Indian and Pakistani Inter-Border Conflict in Kashmir

Refugees take shelter at a relief camp after fleeing their villages Refugees take shelter at a relief camp after fleeing their villages Channi Anand/ AP Photo

1 June 2018

Violence escalates in Kashmir, killing dozens and displacing thousands

The longstanding border war between India and Pakistan was reignited on May 18, when shelling began in the fiercely-contested Kashmir region. The shelling continued unabated for six days, and is only the most recent episode of violence in the long history of the region. Kashmir, which has been split between Indian and Palestinian control since 1947, was the epicenter of the fighting. The Kashmiri people have long been victims of the conflict between the two countries. Reports show that on the sixth day of fighting alone, six civilians and one combatant were killed during the intensified conflict. These casualties bring the death toll to 16 during this one-week period.  

Due to the worsening conditions, many of the Kashmiri people have fled the region fearing for their lives. A reported 80,000 people living in the border area have been forced out of their homes since the fighting escalated. While most have left out of fear, others have had their homes destroyed by mortars and have nowhere left to go. Many have sought refuge with family and friends in nearby villages. The suffering of the displaced people is exacerbated by the concurrence of this violence with the month of Ramadan, one of the most holy holidays in the Islamic religion. Displaced Muslims have been unable to properly celebrate, out of fear of attack, and from lack of food.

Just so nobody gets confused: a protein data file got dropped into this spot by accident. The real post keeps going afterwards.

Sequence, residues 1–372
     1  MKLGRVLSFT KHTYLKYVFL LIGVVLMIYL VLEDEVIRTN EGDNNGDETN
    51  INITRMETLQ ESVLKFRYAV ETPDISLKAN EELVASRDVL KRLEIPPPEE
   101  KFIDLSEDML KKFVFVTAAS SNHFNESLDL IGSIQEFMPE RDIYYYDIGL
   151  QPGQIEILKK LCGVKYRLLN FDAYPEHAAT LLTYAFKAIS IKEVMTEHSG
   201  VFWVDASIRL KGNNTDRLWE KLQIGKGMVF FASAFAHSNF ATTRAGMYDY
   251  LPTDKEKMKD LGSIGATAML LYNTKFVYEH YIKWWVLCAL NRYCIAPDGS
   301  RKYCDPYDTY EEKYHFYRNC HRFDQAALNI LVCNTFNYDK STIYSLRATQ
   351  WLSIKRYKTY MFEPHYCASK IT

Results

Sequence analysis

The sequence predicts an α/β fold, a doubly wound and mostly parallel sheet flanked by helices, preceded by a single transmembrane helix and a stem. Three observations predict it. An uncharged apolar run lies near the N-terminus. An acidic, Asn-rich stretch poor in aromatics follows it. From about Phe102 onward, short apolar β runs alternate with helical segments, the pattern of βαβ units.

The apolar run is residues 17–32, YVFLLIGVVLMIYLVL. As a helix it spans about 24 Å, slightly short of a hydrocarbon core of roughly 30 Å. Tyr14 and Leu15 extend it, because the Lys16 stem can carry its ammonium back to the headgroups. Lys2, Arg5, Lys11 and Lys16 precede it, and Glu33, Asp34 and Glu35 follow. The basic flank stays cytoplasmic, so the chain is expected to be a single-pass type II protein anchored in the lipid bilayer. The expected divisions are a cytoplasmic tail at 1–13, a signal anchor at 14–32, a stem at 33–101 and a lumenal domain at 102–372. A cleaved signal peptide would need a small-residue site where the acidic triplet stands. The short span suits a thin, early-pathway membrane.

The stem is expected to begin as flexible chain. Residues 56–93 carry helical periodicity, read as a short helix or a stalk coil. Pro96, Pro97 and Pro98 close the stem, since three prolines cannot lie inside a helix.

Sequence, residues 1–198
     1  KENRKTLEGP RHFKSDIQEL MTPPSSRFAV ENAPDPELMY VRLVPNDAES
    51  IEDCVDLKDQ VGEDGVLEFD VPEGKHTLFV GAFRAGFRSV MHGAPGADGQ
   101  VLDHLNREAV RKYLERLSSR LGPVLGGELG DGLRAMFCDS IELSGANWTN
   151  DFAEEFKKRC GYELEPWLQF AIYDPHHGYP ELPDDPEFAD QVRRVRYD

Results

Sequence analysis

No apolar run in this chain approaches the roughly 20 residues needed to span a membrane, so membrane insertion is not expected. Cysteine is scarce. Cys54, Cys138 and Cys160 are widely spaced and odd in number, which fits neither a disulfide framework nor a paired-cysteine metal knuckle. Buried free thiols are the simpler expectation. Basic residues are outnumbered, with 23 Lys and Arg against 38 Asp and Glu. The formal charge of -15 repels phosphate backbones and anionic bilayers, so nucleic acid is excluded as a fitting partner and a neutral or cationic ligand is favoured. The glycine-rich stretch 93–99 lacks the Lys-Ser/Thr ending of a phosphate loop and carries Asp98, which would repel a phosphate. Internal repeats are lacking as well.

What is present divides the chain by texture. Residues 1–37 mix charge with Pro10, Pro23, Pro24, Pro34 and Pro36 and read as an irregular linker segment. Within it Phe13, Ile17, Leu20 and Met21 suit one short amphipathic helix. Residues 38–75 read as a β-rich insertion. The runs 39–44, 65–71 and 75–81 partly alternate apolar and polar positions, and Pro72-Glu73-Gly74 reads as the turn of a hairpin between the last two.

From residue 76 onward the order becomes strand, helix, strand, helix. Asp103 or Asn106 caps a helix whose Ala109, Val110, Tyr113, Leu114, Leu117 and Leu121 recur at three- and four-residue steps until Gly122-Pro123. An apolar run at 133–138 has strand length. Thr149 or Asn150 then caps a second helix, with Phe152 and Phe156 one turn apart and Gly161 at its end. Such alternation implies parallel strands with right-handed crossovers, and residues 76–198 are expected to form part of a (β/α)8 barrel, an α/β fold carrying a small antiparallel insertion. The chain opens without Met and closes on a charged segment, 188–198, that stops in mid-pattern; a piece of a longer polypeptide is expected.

Violence in the region has steadily increased since September 2016, after a major attack on the Uri Military base in Kashmir left 17 Indian soldiers dead. The attackers were allegedly members of a Pakistani terror group, and the Pakistan government was accused of training and supplying these combatants. Indian troops escalated the conflict in response, despite Pakistan’s denial of any involvement. The situation continues to deteriorate. Over 150 civilians and combatants, both Indian and Pakistani, have been killed since the attack on Uri military base.

Recognizing that the ever-increasing levels of violence are becoming too taxing, Indian and Pakistani leadership have announced a united effort to reduce border clashes. Promising a return to the ceasefire agreement signed between the two countries in 2003, the Indian and Pakistani military leaders are hopeful that this renewed peacekeeping effort will increase cooperation between the feuding countries. Only time will tell if this renewed commitment to peaceful resolutions in Kashmir will hold.


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